One Pot New Orleans-Style Gumbo (THM S/E)

One Pot New Orleans-Style Gumbo (THM S/E)

I'm a spicy gal and although I wasn't born in Louisiana, creole cuisine of New Orleans speaks to me on a spiritual level.

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Gumbo is one of my favorite, warming meals because it's spicy, hearty, and still packs a veggie punch. Also, this is one of those meals that you can cook (a bunch of) one night, and when you're eating its leftovers a few nights later the flavor is even deeper - it only gets better with time! However, my favorite part of this meal is definitely that it only takes one (big) pot. Because I still hate doing dishes ^_^.

Start by heating a large Dutch oven over medium low heat, and add the sliced smoked sausage. I used andouille, which is a creole spicy sausage. If you're not into the spice, any smoked sausage will do. Since it's already cooked, you just want to sauté it enough to get some color and crispness on the outside.

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Take the sausage out, add some coconut oil if needed, and begin sautéing the cubed chicken. It doesn't have to cook all the way through since it will simmer in the gumbo later. Just make sure it has some good color on it, and season with salt and pepper or a touch of Cajun seasoning.

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Take the chicken out, then start on the shrimp. I bought easy-peel shrimp from my fish counter at Sprouts, which are already deveined. You can keep the tails, or whole shell, on if you wish. I find it easier to remove the whole shell, tail included, prior to cooking. Add more coconut oil to the pan, if needed before adding the shrimp. Again, season with salt and pepper and sauté away. Cook them about 1 minute on each side, just to get good color. They won't be fully cooked yet, but once you add them back to the gumbo they'll finish cooking without becoming overcooked.

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Remove the shrimp. Next comes the vegetables! Don't worry about the brown bits on the bottom of your Dutch oven - that's flavor, and the stock we add later will pick it all up.

Chop some mirepoix - celery (leafy green parts included!), onion, green bell pepper, and garlic.

Add a touch more coconut oil, turn the heat down just a touch and add the vegetables. Sauté until onions just start to caramelize, about 5-7 minutes.

And, I'll go ahead and tell you, I'm a bad Southerner - I greatly dislike okra. Unless it's pureed, in a cookie, or otherwise hidden beyond recognition I cannot stomach it. HOWEVER. You are welcome to add okra to this lovely gumbo if it is your thing. If you do add it, go ahead and do so at this step.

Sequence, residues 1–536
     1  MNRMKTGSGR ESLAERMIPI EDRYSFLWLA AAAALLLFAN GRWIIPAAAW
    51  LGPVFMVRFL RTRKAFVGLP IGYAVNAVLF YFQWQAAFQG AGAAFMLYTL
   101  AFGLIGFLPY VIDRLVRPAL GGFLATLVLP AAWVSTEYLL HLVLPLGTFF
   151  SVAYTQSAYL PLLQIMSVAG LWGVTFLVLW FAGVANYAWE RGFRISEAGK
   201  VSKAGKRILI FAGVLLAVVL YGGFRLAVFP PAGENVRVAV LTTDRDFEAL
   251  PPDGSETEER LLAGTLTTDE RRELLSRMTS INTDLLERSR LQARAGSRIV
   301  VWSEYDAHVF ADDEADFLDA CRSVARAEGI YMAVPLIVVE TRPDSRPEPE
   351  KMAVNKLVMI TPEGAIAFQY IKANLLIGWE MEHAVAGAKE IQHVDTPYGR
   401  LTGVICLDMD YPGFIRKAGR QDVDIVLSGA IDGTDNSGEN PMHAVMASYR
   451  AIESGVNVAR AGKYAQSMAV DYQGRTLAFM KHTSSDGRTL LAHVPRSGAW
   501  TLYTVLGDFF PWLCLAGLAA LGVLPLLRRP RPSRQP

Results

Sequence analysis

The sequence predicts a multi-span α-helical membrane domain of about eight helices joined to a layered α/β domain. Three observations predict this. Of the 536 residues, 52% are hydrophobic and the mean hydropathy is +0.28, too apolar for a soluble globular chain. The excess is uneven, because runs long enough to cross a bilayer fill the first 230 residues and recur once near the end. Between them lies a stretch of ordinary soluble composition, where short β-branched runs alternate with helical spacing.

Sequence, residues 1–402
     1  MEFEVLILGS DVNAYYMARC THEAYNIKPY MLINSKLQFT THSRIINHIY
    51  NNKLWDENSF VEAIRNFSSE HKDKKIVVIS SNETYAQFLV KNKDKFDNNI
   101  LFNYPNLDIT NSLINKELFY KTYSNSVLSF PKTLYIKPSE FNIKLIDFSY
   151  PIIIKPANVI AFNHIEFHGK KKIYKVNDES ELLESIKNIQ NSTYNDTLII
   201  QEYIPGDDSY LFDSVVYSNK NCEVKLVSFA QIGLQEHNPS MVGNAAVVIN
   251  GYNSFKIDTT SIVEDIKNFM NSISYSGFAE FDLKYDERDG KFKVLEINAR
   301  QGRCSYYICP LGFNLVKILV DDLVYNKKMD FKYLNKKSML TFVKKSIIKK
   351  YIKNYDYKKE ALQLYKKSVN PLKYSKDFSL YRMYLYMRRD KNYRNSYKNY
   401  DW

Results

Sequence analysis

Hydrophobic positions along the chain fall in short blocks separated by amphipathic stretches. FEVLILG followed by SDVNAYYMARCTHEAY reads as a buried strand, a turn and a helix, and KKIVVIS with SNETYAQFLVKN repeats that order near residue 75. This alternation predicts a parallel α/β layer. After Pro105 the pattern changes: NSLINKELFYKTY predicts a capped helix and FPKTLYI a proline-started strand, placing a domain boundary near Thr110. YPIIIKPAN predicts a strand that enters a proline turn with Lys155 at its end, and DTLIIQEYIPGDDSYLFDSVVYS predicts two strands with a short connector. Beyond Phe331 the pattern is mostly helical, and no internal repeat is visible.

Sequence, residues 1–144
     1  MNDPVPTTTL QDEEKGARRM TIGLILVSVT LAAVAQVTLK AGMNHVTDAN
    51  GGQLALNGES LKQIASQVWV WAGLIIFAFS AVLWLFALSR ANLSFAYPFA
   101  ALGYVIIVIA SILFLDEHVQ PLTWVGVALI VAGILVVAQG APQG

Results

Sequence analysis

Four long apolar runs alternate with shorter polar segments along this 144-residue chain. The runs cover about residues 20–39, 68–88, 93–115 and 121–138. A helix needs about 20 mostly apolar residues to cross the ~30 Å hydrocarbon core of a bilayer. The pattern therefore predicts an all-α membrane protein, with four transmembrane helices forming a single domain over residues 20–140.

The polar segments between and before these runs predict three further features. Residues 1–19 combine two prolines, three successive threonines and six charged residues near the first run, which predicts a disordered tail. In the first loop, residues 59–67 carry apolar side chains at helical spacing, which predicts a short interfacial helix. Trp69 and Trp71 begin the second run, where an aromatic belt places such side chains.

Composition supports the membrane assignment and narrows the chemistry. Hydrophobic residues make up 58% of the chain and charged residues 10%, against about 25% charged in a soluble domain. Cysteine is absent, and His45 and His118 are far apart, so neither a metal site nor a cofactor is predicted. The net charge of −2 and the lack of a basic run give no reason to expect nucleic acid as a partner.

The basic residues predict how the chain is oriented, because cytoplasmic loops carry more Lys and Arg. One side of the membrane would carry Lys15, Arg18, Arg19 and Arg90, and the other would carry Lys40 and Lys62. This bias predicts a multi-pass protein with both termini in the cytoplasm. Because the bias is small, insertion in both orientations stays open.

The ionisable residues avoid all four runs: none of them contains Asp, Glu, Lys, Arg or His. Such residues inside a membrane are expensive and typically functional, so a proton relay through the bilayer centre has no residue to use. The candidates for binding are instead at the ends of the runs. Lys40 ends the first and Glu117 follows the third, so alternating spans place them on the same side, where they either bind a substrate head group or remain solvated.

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De-glaze the pan with one 15-oz can of fire roasted tomatoes. I like the smoky flavor of fire roasted tomatoes, but you're welcome to use any kind you prefer. Mine also were seasoned with garlic and onion. Add in the chicken (or vegetable/seafood) stock, a bay leaf, sausage, chicken, Worcestershire sauce, and a few dashes of hot sauce. Place the lid on your pot and let it simmer for about 10-12 minutes.

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Once it's finished simmering, turn off the heat, add the shrimp back to the pot, cover again and let stand for about 5-7 minutes. This will allow the shrimp to continue cooking through slowly.

Serve the gumbo as is or over a big pile of cauliflower rice. For my cauliflower rice, I pulsed half a large head of cauliflower in a food processor until it was in small pearls. Then I served it raw underneath the hot gumbo - easy peasy! I liked it raw because it didn't become mushy from cooking and retained a nice textural contrast like rice.

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As is, the gumbo is a great S. However, if you want to have the rice and make it an E - that's completely achievable. You can either choose a smoked turkey/chicken sausage with less fat, or leave it out completely and make this a chicken and shrimp gumbo - your call. Just make sure any time you're adding coconut oil that you do so with a spray to keep the fat in check.

Either way you make it, this gumbo is a spicy, hearty, and delicious shake-up to your weekly routine. The leftovers just get better with time - this is a meal you can make on Monday and still enjoy on Friday.

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